Most of the sounds in the movie are similar to the sounds found in horror movies with the exception of the metal music played during the scenes with Damien. The movie makes it very clear about the relationship between Damien and the metal music culture. The movies goal with the metal music relation with Damien is to show how the townspeople are thinking of Damien. Think about the video below in the mindset of a religious rural American. The other exception from the horror music is also with Damien during the scene where he is arrested by the police. During this scene Damien and other people are watching a horror movie. Before the police enter his house the guy in the movie is telling another person to run and hide. When the police enter the house the people in the movie start screaming. The horror movie is almost like what the viewer is thinking. During this scene the viewer would want Damien to run and hide from the police instead of just watching the movie. Then be mad when Damien is captured signified by the screaming.
From the very start there is a juxtaposition between Pat, who is Steve’s mother, and Ron Lax, who was a private investigator for the West Memphis Three. The first scenes of the movie are of Pat walking from a small church to pick up her son. Then the next scene is of Ron buying something from an auction in an opulent ballroom. Next scene is Pat making dinner in a small kitchen followed by Ron walking out of a high rise in the city to his car. The juxtaposition makes it clear how different these two people’s lives are, possibly to emphasis the strangeness of Ron willingly being the private investigator for the West Memphis Three pro bono. As well as give a reason for their different viewpoints because of the extremely different lives. It should also be noted that Ron is not given a name or description of who he is in relation to the trial until over half an hour into the movie. Until then he is just a random rich guy who has an interest in the case.
Why Everything You Think You Know About The West Memphis Three Case Is Wrong! – 2021
Listening to this podcast is unlike anything else we have selected to read. It is narrated by an individual who genuinely believes that the three teenage boys performed the horrific acts of this crime. He is very vocal on his accusations and beliefs regarding the case and those involved. He also claims he is an expect on the case, which can be misleading to the audience. We rate this podcast a 2/5, only because it is an extremely one-sided telling of the case.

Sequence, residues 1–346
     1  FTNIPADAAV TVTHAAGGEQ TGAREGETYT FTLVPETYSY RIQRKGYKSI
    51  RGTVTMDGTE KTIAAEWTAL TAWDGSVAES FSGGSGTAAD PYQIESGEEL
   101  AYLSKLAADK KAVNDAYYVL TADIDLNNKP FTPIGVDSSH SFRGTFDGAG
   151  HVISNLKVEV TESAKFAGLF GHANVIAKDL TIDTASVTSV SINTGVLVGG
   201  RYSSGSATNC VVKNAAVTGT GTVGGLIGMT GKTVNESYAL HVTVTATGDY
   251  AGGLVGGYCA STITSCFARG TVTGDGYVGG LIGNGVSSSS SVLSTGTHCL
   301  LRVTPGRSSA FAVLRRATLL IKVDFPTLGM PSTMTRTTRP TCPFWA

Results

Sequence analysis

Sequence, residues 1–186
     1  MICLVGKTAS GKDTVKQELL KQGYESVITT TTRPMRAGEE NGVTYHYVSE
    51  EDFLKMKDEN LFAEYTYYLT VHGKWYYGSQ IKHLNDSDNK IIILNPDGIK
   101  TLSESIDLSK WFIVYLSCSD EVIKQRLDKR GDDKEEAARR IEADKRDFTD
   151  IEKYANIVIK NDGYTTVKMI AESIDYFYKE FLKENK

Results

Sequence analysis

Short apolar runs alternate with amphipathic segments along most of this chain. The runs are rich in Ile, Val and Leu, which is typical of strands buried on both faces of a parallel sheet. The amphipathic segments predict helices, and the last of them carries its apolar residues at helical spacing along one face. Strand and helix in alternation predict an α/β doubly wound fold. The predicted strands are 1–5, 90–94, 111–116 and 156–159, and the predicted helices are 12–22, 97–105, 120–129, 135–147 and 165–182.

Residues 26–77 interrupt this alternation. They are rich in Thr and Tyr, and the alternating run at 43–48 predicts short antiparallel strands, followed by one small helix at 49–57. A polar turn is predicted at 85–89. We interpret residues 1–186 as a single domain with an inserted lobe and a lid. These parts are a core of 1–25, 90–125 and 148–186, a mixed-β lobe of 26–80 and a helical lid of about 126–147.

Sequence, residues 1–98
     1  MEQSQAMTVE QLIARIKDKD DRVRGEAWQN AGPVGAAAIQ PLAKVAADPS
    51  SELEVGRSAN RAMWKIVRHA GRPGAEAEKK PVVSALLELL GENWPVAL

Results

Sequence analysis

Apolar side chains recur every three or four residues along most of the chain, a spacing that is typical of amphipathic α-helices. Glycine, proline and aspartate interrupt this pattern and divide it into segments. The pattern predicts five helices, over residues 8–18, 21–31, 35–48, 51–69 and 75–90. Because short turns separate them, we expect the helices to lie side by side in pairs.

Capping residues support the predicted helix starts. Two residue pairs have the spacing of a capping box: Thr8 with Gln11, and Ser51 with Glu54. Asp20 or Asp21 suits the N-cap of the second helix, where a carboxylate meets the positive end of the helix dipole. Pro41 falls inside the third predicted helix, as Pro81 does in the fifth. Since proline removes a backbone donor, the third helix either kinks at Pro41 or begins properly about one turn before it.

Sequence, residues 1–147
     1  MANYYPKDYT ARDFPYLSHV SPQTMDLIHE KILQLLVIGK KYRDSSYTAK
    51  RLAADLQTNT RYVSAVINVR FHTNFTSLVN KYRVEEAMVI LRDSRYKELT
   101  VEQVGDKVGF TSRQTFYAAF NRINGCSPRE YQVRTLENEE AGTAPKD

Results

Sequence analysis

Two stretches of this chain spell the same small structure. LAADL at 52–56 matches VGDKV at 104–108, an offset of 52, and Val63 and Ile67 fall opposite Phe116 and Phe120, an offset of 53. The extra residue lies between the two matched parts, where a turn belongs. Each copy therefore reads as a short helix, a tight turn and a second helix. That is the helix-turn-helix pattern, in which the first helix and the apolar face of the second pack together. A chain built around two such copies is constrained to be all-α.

This podcast is unlike the documentary and movie because the people in the podcast believe that the West Memphis Three actually killed the three boys. Gary Meece makes his opinion very clear and has said at multiple times that Damien, Jessie, and Jason are satanic cult murderers. At one point he called Jason a malevolent sociopath who pretends to be a nice and funny guy. This bias makes it so the questions he answered about the common misconceptions about the West Memphis Three case are heavily on the police’s side for their decision to arrest the three men. Meece also ignores certain evidence that does not support his case much like what he said the documentaries did. However, this is a good podcast to listen to because it does bring to light information that the documentaries do not share because it does not suit their message like the police investigation and Damien’s pre-arrest behavior.
Where is the DNA evidence that the West Memphis Three said they had which will help their case? Gary Meece mentions this multiple times as a way to show that the West Memphis Three were just making stuff up to appear innocent. Unknown DNA not revealed to the public does support his case because it makes the West Memphis Three seem suspicious. Interestingly enough the West of Memphis 2012 documentary answers the DNA question, which is the DNA found points to Steve’s stepfather as the possible killer. However, Meece does not seem to know this, which could show that he only watched the Paradise Lost documentaries which he referenced many times and not the recent West of Memphis documentary. Just for clarification the podcast was recorded in 2021. Another reason why Meece probably did not watch the 2014 documentary is that he comments that the West Memphis Three never searched for the real killer even though they have multiple resources and said they would. The 2014 documentary was produced by Damien and gives a strong case for the person they think killed the three boys.